Topic fields and date filtering

Important hyperparmeters of our system include which topic field (question, query, or narrative) to use in which stage, and whether to perform date filtering. We present a study of the effects of these parameters in Table 3. First, we observe that the filtering of articles to only those published after January 1, 2020 always improves the ranking effectiveness (as compared to models that retrieved from all articles). Indeed, we find that only 19% of judged documents from prior to 2020 were considered relevant (with only 7% fully relevant). Meanwhile, 32% of judged documents after 2020 were considered relevant (19% fully relevant). We note that although this filter seems to be effective, it will ultimately limit the recall of the system. This observation underscores the value of including a user-configurable date filter in COVID-19 search engines.

We also observe in Table 3 that both first-stage ranking and re-ranking based on the question field may be more effective than using the query field for first-stage ranking and the question for re-ranking. Considering that the nDCG@10 already outperforms the performance of our official submission, and P@5 (fully relevant only) is not far behind with only 91% of the top documents judged, we can expect that this is likely a better setting going forward. It also simplifies the pipeline and reflects a more realistic search environment in which the user simply enters a natural language question. However, this approach underperforms at identifying partially relevant documents, given by its much lower P@5. In an environment in which recall is important (such as systematic review), the hybrid query-question approach may be preferable. Interestingly, we find that the narrative field usually reduces ranking effectiveness compared to the other settings. This may be due to a large distance between the natural-language questions seen during training and the longer-form text seen at evaluation time.

Figure 2: Confusion matrix between our non-expert annotations and the official expert TREC labels.

Non-expert judgements

We found that our non-expert relevance labels did not align well with the official labels; there was only a 60% agreement rate among the overlapping labels. In 18% of cases, our labels rated the document as more relevant than the official label; in 23% of cases ours was rated less relevant. A full confusion matrix is shown in Figure 2.

Figure 3: Difference in ranking effectiveness between our system and an untuned BM25 model by query for nDCG@10, P@5, and P@5 (fully relevant only). Queries in blue and marked with * were annotated by non-experts and used for hyperparameter tuning.

Despite the low agreement rates, the use of domain transfer, and only leveraging the non-expert labels for hyperparameter tuning suggest that it would be difficult to overfit to the test collection. We further investigate whether the subset of queries we evaluated gained a substantial advantage. To this end, we plot the difference in the evaluation metrics between our system and an untuned BM25 ranker in Figure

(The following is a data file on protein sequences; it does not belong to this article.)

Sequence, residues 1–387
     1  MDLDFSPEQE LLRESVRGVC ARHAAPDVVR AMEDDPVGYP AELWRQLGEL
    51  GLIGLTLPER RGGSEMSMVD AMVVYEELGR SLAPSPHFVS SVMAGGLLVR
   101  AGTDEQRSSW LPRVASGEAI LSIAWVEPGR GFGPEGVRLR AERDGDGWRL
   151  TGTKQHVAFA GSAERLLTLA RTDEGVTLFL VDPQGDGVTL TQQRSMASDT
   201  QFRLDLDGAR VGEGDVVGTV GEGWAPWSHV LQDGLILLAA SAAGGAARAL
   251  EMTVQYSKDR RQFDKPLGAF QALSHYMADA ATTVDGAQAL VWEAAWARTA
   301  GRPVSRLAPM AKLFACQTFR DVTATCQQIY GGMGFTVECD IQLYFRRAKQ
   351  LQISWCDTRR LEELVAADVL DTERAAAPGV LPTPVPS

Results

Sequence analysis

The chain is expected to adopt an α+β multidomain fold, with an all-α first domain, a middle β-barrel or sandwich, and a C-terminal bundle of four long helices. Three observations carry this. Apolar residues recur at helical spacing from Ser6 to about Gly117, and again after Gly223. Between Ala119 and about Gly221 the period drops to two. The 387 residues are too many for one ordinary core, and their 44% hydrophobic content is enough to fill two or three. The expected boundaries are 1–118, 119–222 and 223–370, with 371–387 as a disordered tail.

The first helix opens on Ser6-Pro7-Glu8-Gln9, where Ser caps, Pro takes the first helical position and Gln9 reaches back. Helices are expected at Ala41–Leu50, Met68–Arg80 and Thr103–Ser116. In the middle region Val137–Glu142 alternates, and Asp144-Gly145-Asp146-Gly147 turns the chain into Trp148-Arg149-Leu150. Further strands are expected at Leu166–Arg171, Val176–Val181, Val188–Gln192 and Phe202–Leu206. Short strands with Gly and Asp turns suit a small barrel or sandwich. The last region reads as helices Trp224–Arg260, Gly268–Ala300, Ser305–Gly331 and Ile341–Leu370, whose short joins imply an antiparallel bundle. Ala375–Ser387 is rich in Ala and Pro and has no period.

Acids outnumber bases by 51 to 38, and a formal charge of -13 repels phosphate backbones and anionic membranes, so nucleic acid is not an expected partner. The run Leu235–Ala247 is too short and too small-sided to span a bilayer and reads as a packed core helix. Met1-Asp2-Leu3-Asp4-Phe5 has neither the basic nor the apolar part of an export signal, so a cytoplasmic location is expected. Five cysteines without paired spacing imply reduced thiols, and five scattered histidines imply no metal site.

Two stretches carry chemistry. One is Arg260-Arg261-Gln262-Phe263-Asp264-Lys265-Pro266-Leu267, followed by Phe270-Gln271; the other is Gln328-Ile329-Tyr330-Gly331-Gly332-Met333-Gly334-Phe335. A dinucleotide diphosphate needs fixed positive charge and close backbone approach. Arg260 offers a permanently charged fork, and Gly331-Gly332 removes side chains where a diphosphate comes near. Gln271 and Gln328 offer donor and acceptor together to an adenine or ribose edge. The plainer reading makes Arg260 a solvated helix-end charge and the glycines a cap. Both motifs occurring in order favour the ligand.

3. As demonstrated by the figure, there was no strong preference of our model towards queries that were annotated (marked with * and in blue). In fact, 9 of the 15 highest-performing queries were not in the annotated set (in terms of nDCG@10). This suggests that our approach did not overfit to signals provided by the non-expert assessments, and that our trained ranker is generally applicable.

Failure cases

Although our system generally outperforms BM25 ranking, it substantially underperforms for Query 23 (coronavirus hypertension). When observing the failure cases, we found that the BM25 model successfully exploited term repetition to identify its top documents as relevant. Meanwhile, our system ranked documents with incidental mentions of hypertension highly. This suggests that more effective utilization of approaches that include a count-based component in the ranking score (such as TK Hofsttter2020InterpretableT or CEDR-KNRM MacAvaney2019CEDRCE) could yield improvements.

6 Conclusion

In this work we present Sledge, a baseline for literature search related to COVID-19. Sledge is a two stage approach consisting of an initial BM25 ranker followed by SciBERT-based reranker, a domain specific pretrained language model. Sledge is trained on the general domain MS-MARCO passage ranking dataset and evaluated on TREC COIVD-search benchmark in a zero-shot transfer setting. Sledge tops the leaderboard among the initial round submissions from 55 teams to TREC-COVID Search shared task, demonstrating its effectiveness.

Through our analysis we find that the parameters for initial retrieval are fairly robust. We also find that recent articles (i.e., those published in 2020) tend to exhibit higher relevance, suggesting the importance of filtering by date for high-precision retrieval. We also find that our non-expert annotation phase helped converge on good hyperparameters, while not likely contributing to substantial overfitting to the test set. Finally, through failure case analysis, we find that count-based approaches may be a good direction to explore in subsequent rounds of the shared task.


This work was partially supported by the ARCS Foundation.